It's ANIME WEEK here at Behold the Geek! And since I'm a huge superhero comic book fan, I thought it would be fun if I shine the spotlight on anime superheroes, and the parallels they have with the Western comic book heroes you and I are familiar with!
Read more about superheroes in anime after the jump!
A superhero, according to Wikipedia, is a type of stock character possessing "extraordinary or superhuman powers" and dedicated to protecting the public. They have a secret identity to protect their loved ones, colorful costumes and even more colorful enemies, and of course an overwhelming hunger for justice.
Using this definition, let's see if anime has its own breed of superheroes!
Superheroics in comic books is more or less a "boy's club", with male superheroes more often outnumbering their female counterparts. It's interesting then to see that in anime, female superheroes aren't just plentiful, they're mad popular as well!
Superheroines of all shapes and sizes abound in anime, and there's a good chance you and I grew up watching at least one of them! If you're a 90's kid, you probably remember Super Boink, a hilarious anime about a girl who transforms into a superhero pig (!) with a cape, or Sailor Moon, the quintessential magical girl who inspired an entire generation of superheroines!
There were also high-tech heroes like the girls of Ryusei Sentai Musumet (whose powers came from outer space much like modern Green Lantern's) and Moldiver (who reminds me of Terry McGinnis' donning of the Batman mantle in Batman Beyond), who used their powers (along with a little bit of fanservice) to protect their city and the world from colorful villains.
Of course, we shouldn't forget the grandmommy of them all: Go Nagai's Cutie Honey! This sexy superheroine dealt with dual identities, fought super-powered enemies in the name of peace and justice, and rocked quite the iconic costume! It's safe to say she blazed the trail for all the other heroes mentioned before her!
A TEAM EFFORT
Much like the X-Mens and the Justice Leagues of comic books, anime had its share of superhero crime-fighting teams!
One such team is Science Ninja Team Gatchaman from the 1970s. These bird-themed heroes kicked evil henchmen ass by the truckload, and they had a bitchin' jet that turned into a flaming phoenix of doom (imagine what the X-Men could do with a flaming SR-71 Blackbird!). Not only that, but their designs had their roots in Western comic books by way of character designer Yoshitaka Amano!
There was also Shotaro Ishinomori's Cyborg 009, which starred ordinary people cursed with extraordinary abilities fighting mad scientists and evil organizations. I especially loved Joe Shimamura's (the titular Cyborg 009) godlike speed powers...who wouldn't want to move so fast everything looks like it's in slo-mo? Cyborg 009's popularity has even crossed back over to comic books, with Archaia Entertainment recently releasing an original graphic novel based on these super-cyborgs!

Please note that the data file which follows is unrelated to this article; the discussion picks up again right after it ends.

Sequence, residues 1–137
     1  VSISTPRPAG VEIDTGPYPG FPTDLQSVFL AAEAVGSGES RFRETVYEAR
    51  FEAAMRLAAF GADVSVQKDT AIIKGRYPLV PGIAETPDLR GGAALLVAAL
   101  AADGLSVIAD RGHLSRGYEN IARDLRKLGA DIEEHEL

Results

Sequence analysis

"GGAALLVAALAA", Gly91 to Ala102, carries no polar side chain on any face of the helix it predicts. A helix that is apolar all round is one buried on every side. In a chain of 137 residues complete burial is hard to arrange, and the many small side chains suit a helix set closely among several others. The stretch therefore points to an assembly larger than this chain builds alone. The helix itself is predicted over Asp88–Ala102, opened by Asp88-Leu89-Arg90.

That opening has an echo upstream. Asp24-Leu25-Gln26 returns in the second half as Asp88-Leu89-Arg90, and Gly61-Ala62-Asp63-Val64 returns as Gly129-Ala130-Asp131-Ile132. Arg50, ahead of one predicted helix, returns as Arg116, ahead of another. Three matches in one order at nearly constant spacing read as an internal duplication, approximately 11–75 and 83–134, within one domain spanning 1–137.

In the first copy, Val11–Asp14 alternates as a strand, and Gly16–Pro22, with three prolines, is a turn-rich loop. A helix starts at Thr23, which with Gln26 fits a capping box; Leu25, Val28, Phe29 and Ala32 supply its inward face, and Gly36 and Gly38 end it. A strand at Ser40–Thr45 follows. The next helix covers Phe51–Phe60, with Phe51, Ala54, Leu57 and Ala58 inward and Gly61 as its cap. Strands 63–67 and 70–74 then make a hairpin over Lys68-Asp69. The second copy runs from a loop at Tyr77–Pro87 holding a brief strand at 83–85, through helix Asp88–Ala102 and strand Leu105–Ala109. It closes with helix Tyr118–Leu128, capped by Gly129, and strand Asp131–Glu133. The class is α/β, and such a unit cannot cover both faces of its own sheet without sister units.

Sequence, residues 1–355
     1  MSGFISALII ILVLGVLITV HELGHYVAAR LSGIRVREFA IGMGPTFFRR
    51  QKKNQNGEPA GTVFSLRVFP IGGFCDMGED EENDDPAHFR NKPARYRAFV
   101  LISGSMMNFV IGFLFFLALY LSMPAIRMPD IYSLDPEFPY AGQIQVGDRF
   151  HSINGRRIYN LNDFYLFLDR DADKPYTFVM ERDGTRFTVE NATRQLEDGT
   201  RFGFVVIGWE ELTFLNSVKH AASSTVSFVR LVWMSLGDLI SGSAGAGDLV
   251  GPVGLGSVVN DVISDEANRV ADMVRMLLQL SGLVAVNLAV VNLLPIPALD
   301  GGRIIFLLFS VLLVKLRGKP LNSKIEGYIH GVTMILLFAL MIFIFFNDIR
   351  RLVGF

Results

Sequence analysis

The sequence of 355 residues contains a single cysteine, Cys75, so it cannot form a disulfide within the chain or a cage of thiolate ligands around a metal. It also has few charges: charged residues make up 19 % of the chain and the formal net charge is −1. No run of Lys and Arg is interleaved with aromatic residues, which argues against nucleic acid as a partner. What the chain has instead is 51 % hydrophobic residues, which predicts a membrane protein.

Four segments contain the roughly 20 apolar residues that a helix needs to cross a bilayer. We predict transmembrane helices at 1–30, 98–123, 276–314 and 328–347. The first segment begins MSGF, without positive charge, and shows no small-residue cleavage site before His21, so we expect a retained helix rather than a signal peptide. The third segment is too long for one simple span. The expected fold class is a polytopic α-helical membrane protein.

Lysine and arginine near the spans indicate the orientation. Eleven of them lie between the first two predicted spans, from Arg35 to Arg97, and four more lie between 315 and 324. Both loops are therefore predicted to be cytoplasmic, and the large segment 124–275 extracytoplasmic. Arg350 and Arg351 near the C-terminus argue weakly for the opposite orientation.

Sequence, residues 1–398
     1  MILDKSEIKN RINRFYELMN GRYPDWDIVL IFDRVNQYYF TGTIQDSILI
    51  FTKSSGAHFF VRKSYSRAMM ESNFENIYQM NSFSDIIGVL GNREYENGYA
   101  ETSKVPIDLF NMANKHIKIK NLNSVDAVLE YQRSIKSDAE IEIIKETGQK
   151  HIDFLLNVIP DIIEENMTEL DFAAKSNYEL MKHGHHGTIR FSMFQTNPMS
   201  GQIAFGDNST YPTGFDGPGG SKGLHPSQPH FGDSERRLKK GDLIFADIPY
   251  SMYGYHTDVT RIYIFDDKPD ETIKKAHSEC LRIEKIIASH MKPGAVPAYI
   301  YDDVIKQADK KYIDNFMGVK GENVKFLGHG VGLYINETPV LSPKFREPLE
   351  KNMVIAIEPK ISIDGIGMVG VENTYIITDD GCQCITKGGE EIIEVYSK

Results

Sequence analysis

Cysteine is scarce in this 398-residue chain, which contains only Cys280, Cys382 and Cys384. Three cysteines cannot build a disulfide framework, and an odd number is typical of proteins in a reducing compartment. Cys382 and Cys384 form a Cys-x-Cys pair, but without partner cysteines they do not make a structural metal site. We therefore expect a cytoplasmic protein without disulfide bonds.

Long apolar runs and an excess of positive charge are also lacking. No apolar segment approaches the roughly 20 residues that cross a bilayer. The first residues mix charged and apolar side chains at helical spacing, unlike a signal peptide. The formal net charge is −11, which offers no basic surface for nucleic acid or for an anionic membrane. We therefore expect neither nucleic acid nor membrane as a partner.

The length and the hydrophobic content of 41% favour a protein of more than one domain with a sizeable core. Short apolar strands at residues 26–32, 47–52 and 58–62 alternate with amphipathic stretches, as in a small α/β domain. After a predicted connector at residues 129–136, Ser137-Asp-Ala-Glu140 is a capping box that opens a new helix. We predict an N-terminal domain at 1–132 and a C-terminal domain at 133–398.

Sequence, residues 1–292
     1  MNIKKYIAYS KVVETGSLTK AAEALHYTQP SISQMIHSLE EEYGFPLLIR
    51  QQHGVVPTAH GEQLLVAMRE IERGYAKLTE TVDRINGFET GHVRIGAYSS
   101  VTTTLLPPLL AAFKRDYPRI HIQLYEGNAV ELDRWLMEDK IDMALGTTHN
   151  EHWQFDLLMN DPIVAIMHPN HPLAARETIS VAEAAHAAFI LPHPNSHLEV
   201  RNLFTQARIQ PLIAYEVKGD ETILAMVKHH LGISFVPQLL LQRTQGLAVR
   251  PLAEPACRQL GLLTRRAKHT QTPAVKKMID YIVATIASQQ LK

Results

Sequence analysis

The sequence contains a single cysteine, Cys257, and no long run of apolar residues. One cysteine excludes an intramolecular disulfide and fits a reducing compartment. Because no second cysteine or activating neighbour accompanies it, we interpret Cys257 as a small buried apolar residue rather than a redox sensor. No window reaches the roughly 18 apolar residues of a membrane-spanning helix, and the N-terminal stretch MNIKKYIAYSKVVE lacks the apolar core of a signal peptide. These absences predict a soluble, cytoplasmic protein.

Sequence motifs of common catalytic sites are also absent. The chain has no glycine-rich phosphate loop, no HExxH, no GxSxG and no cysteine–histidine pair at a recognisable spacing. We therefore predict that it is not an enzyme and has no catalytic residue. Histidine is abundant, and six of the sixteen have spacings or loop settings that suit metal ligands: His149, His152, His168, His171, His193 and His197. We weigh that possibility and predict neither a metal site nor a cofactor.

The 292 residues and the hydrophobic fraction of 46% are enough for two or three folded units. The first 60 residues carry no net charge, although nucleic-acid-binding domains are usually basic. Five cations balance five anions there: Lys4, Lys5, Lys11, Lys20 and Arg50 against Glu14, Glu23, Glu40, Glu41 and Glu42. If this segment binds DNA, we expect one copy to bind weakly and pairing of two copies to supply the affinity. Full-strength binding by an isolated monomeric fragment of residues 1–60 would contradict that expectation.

THE WESTERN CONNECTION
With anime being as big as it is, it was only a matter of time before the comic book world came to anime!
In recent years, American comic book companies like Top Cow and Marvel saw the popularity of anime and found a way to tell their superhero stories in a brand new light. Heroes like Witchblade, Iron Man, the X-Men, Wolverine and even Blade got their own anime series, all of which were set in Japan and were inspired by anime genres like horror and mecha.
And of course, there was Tiger and Bunny.
In case you don't know yet, I LOVED Tiger and Bunny. It was a deliberate attempt by Japan to homage Western comic book superheroes, and they did it in a way that was both affectionate and glorious. It made use of many familiar Western comic book tropes, right down to the alliterative names made popular by DC and Marvel (Kotetsu Kaburagi and Barnaby Brooks, Jr. took a page from Peter Parker and Billy Batson in the naming department). As a superhero fan, 'getting' all those little details they put into this anime was what made watching Tiger and Bunny so great. Stan Lee would have been proud!
Speaking of Stan Lee, he was responsible for another superhero in anime: Heroman. But whereas Tiger and Bunny brought superhero tropes to anime, Heroman brought anime tropes to the superhero genre. Main character Joey Jones (another alliteration!) and the robotic behemoth Heroman fought alien bugs in a hilariously stereotypical version of America. It was a fun little anime, and it holds the distinction of having the first anime cameo of Stan Lee!
While the examples above may not be exhaustive or the be-all, end-all when it comes to anime superheroes, I was surprised and happy to know that the superhero genre is alive and well in anime. Not only that, but Western comic book superheroes and anime have a storied history, inspiring each other in exciting ways. Both lend their quirks and awesomeness to each other so easily, and we as fans are left all the better for it!
Got something to say about superheroes and anime? Then leave me a comment via the comment box below and let's talk about it! Meanwhile, stay tuned for more anime fun as Anime Week continues tomorrow here at Behold the Geek! Thanks for reading!